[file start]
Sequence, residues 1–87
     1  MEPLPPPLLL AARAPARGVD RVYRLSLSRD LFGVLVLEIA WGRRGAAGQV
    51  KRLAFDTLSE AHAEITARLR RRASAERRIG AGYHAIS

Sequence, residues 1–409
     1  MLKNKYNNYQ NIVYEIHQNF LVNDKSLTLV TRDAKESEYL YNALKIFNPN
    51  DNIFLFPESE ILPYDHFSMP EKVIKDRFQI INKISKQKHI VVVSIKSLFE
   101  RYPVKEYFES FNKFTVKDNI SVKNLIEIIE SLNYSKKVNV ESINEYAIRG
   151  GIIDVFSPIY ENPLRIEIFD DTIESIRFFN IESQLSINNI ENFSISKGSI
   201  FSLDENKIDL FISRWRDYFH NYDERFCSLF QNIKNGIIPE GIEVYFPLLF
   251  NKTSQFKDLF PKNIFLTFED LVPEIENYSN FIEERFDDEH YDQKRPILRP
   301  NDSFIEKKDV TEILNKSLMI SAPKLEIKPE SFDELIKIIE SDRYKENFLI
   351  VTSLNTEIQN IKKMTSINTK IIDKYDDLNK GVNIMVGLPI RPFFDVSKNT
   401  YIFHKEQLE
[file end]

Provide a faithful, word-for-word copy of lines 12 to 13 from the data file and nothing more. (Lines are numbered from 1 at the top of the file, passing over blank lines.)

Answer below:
   351  VTSLNTEIQN IKKMTSINTK IIDKYDDLNK GVNIMVGLPI RPFFDVSKNT
   401  YIFHKEQLE